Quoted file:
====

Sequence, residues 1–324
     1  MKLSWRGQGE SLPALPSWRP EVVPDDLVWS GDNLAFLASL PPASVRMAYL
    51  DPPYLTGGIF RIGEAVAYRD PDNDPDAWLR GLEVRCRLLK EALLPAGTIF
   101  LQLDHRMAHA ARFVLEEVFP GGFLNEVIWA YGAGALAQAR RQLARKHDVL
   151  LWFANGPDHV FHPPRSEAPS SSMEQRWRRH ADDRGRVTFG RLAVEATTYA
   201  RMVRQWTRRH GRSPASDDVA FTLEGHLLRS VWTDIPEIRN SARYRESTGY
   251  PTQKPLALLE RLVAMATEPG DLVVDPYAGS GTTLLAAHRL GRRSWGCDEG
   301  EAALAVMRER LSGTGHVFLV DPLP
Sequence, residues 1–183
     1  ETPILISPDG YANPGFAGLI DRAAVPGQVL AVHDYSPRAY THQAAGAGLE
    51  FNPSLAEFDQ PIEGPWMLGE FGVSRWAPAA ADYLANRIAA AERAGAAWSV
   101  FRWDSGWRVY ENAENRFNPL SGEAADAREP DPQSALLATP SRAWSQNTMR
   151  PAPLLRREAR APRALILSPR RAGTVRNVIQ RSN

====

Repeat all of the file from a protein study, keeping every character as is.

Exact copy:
Sequence, residues 1–324
     1  MKLSWRGQGE SLPALPSWRP EVVPDDLVWS GDNLAFLASL PPASVRMAYL
    51  DPPYLTGGIF RIGEAVAYRD PDNDPDAWLR GLEVRCRLLK EALLPAGTIF
   101  LQLDHRMAHA ARFVLEEVFP GGFLNEVIWA YGAGALAQAR RQLARKHDVL
   151  LWFANGPDHV FHPPRSEAPS SSMEQRWRRH ADDRGRVTFG RLAVEATTYA
   201  RMVRQWTRRH GRSPASDDVA FTLEGHLLRS VWTDIPEIRN SARYRESTGY
   251  PTQKPLALLE RLVAMATEPG DLVVDPYAGS GTTLLAAHRL GRRSWGCDEG
   301  EAALAVMRER LSGTGHVFLV DPLP
Sequence, residues 1–183
     1  ETPILISPDG YANPGFAGLI DRAAVPGQVL AVHDYSPRAY THQAAGAGLE
    51  FNPSLAEFDQ PIEGPWMLGE FGVSRWAPAA ADYLANRIAA AERAGAAWSV
   101  FRWDSGWRVY ENAENRFNPL SGEAADAREP DPQSALLATP SRAWSQNTMR
   151  PAPLLRREAR APRALILSPR RAGTVRNVIQ RSN